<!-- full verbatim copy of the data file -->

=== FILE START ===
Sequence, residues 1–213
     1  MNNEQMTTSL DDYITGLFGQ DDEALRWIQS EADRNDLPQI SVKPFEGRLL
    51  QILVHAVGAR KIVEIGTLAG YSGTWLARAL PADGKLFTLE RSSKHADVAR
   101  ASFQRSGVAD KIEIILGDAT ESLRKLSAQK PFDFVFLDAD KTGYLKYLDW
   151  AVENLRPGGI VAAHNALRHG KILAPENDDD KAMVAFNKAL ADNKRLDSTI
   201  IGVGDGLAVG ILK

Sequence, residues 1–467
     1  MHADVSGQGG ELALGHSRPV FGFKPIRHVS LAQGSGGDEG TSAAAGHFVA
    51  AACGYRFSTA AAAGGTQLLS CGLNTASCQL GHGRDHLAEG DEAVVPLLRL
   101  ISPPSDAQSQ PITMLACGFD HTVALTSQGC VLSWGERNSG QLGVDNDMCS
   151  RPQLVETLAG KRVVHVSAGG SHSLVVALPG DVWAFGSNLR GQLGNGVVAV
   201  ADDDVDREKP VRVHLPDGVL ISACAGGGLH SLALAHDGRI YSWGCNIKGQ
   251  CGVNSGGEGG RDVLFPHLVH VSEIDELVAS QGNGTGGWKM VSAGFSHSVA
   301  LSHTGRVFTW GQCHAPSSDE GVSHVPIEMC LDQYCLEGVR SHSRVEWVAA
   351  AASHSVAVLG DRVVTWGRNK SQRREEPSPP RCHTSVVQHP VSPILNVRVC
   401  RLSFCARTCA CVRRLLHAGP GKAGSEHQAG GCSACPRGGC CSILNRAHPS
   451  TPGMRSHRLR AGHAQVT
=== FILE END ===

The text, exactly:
Sequence, residues 1–213
     1  MNNEQMTTSL DDYITGLFGQ DDEALRWIQS EADRNDLPQI SVKPFEGRLL
    51  QILVHAVGAR KIVEIGTLAG YSGTWLARAL PADGKLFTLE RSSKHADVAR
   101  ASFQRSGVAD KIEIILGDAT ESLRKLSAQK PFDFVFLDAD KTGYLKYLDW
   151  AVENLRPGGI VAAHNALRHG KILAPENDDD KAMVAFNKAL ADNKRLDSTI
   201  IGVGDGLAVG ILK

Sequence, residues 1–467
     1  MHADVSGQGG ELALGHSRPV FGFKPIRHVS LAQGSGGDEG TSAAAGHFVA
    51  AACGYRFSTA AAAGGTQLLS CGLNTASCQL GHGRDHLAEG DEAVVPLLRL
   101  ISPPSDAQSQ PITMLACGFD HTVALTSQGC VLSWGERNSG QLGVDNDMCS
   151  RPQLVETLAG KRVVHVSAGG SHSLVVALPG DVWAFGSNLR GQLGNGVVAV
   201  ADDDVDREKP VRVHLPDGVL ISACAGGGLH SLALAHDGRI YSWGCNIKGQ
   251  CGVNSGGEGG RDVLFPHLVH VSEIDELVAS QGNGTGGWKM VSAGFSHSVA
   301  LSHTGRVFTW GQCHAPSSDE GVSHVPIEMC LDQYCLEGVR SHSRVEWVAA
   351  AASHSVAVLG DRVVTWGRNK SQRREEPSPP RCHTSVVQHP VSPILNVRVC
   401  RLSFCARTCA CVRRLLHAGP GKAGSEHQAG GCSACPRGGC CSILNRAHPS
   451  TPGMRSHRLR AGHAQVT